37 20.2. Communicating a passphrase safely Sharing a passphrase-encrypted file that you intend others to view obviously requires sharing the passphrase as well. But the secrecy of your encrypted information can be compromised if the passphrase is trivial to obtain. We give here some advice for communicating a passphrase in a safe and secure manner. The most important idea is that the passphrase must be communicated out-of-band, that is, using a different means of communication than that used for sharing the encrypted files. For example, if you send an encrypted file as an attachment, do not put the plaintext passphrase in the same . It's best to not use the same systems for sending the passphrase as you used for the encrypted data. Specifically, avoid using the same sender account or the same recipient account, as a compromise of either account would mean that both data and passphrase are stolen at the same time. A common method of sharing a passphrase is a telephone conversation, if you can positively identify the person on the other end. Prior agreements reached in face to face meetings are good ways of setting up a passphrase or passphrase scheme. Ideally, encrypt the passphrase itself, if the parties involved have an existing avenue of secure communication. Some example scenarios of sharing a passphrase safely: An encrypted file is sent via Gmail to somebody with a government-issued CAC. The passphrase is encrypted using the CAC certificate and sent over a different system. Files shared among an in-house contracting team are encrypted with a passphrase built from the relevant contract number combined with a shared "secret". Project data passed between Team X at Company A and Team Y at Company B is encrypted with a passphrase agreed upon at the program kickoff meeting. 21. Licensing Encryption Wizard is available in two forms: one that includes a FIPS validated encryption engine (EW-Govt) and another that relies on the encryption capabilities native to a user s Java Runtime Environment (EW-Public). U.S. Government Edition The FIPS validated version of Encryption Wizard contains a cryptographic module licensed from RSA. The FIPS version may only be used by US Government employees or contractors under contract with the US Government. It may only be distributed by the Air Force Research Laboratory and by designated distribution authorities. Users may NOT examine code contained in the RSA licensed cryptographic module contained in the FIPS version. Information regarding RSA s FIPS validation may be found here: Encryption Wizard User Manual, v3.4.8, 3 Jun 2015, AFRL 37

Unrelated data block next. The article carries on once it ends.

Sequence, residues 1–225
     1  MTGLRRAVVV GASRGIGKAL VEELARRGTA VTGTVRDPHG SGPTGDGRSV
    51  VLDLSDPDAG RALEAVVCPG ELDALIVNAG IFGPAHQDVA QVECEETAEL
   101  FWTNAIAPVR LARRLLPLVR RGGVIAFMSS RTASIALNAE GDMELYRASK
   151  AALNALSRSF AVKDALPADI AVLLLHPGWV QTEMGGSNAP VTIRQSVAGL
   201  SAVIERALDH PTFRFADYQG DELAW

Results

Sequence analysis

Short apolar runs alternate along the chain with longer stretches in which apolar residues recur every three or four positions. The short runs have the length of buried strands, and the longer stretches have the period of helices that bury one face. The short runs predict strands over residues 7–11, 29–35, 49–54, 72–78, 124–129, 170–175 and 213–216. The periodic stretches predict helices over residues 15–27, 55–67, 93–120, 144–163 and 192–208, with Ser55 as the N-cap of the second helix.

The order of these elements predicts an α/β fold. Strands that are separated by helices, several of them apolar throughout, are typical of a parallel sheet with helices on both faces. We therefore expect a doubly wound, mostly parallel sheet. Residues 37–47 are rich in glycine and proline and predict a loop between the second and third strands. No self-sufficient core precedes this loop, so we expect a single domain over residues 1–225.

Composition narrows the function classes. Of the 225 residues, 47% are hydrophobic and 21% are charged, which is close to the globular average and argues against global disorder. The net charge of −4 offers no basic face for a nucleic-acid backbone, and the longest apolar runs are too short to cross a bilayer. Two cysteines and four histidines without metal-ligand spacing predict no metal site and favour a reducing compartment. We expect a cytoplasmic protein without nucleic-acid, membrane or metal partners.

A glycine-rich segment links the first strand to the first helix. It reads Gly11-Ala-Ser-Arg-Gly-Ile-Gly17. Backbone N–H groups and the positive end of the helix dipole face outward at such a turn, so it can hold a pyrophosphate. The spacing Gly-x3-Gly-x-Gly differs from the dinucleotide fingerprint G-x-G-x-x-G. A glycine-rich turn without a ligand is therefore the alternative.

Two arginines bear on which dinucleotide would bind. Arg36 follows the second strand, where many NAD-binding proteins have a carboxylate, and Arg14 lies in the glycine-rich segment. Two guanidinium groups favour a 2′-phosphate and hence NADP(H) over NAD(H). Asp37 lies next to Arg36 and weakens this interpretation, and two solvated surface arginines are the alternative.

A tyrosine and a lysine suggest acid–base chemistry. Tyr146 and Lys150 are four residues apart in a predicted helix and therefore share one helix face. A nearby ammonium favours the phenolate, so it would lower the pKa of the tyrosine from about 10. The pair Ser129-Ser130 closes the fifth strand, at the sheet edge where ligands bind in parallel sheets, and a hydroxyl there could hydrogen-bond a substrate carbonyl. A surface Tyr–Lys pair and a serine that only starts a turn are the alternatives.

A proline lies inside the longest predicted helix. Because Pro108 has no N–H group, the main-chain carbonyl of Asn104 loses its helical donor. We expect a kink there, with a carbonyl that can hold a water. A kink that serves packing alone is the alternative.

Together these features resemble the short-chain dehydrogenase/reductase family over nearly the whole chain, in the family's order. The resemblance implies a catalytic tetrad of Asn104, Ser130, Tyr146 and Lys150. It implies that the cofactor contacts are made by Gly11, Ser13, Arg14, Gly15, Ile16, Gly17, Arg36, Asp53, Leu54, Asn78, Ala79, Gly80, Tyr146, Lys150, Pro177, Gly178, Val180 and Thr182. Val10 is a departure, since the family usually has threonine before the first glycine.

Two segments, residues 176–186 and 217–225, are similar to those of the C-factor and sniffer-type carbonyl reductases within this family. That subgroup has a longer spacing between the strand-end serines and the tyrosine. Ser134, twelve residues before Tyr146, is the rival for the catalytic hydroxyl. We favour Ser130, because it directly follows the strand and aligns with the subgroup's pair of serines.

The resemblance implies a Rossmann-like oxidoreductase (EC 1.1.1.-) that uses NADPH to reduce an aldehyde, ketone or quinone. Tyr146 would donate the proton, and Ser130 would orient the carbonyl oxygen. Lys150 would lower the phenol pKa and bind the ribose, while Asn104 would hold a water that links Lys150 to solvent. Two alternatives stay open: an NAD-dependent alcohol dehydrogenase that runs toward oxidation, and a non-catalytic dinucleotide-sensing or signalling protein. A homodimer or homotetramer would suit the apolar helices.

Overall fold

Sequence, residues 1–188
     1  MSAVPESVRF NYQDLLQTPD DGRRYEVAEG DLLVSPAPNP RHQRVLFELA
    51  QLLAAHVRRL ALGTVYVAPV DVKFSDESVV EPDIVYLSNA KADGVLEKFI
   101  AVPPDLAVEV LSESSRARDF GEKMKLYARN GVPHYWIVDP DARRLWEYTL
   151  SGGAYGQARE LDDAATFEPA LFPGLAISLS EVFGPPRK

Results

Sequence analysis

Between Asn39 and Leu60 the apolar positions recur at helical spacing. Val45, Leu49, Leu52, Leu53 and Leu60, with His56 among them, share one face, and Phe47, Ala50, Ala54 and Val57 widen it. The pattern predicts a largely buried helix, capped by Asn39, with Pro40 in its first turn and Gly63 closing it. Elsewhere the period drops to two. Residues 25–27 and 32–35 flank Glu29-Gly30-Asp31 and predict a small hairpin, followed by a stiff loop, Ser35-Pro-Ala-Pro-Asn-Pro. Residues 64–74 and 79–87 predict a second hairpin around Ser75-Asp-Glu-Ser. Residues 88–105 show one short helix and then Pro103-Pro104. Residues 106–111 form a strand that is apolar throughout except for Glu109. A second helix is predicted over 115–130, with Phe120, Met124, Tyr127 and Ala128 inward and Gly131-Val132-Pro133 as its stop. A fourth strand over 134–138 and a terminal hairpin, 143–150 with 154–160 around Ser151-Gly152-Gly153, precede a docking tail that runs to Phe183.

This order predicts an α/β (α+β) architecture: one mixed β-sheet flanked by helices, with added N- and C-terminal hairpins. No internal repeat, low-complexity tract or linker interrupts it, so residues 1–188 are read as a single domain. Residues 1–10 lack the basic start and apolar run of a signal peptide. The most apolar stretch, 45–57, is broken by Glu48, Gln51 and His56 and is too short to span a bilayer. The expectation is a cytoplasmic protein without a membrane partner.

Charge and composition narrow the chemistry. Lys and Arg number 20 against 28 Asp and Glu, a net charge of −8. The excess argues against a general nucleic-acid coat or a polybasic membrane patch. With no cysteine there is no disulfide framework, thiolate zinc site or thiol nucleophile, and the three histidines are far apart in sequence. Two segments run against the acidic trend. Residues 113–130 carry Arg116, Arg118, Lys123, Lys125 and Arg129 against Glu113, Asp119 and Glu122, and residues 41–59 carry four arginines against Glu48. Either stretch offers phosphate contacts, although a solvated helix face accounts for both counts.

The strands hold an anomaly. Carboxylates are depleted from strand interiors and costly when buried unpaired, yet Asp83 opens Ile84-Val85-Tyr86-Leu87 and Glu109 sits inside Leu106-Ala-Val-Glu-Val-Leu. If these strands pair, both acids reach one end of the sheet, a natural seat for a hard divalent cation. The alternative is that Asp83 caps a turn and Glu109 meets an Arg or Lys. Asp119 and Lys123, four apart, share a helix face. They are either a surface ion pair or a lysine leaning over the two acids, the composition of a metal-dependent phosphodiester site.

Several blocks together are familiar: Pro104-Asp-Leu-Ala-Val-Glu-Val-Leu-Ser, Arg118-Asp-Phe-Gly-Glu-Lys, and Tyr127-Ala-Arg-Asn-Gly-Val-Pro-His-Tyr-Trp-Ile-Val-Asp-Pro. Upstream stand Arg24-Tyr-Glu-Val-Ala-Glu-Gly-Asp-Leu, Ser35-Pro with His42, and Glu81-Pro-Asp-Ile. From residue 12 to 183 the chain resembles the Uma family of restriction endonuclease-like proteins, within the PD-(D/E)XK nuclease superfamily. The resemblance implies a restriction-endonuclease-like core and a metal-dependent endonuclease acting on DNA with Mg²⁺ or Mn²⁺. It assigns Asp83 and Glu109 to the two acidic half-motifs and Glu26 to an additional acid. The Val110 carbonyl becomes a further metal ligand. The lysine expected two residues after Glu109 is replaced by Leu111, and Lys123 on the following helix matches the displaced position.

38 Public Edition The public version of Encryption Wizard has no specific restrictions on who may use it or how it is used. However, users are still subject to any licenses or agreements governing the use of their local Java Runtime Environment. EW-Public may be freely distributed via electronic or other means. Users may examine the executable code contained in the.jar file. Users may NOT re-purpose the executable code contained in the.jar file or distribute modified versions of its code or the.jar file without the prior written consent of the Air Force Research Laboratory. All Editions Some of the non-cryptographic components of Encryption Wizard are third-party modules with their own varying licenses. None of those licenses impose additional restrictions on use or redistribution; the license texts are not included here to save space, but are hyperlinked below and are also available upon request. The Encryption Wizard team expresses our gratitude to the authors for making their tools available: The command-line parsing makes use of the Getopt port distributed along with GNU Prolog for Java, under the GNU Library General Public License v2. (The bulk of Prolog for Java is released under v3 of that license, but the Getopt port has its own licensing.) Part of the console portability routines use McDowell's TextDevice hierarchy, under the MIT License. The logging subsystem makes use of SLF4J, under the MIT License; Logback, under the GNU Library General Public License v2.1; and for certain builds, SysOutOverSLF4J, under the MIT License. Encryption Wizard User Manual, v3.4.8, 3 Jun 2015, AFRL 38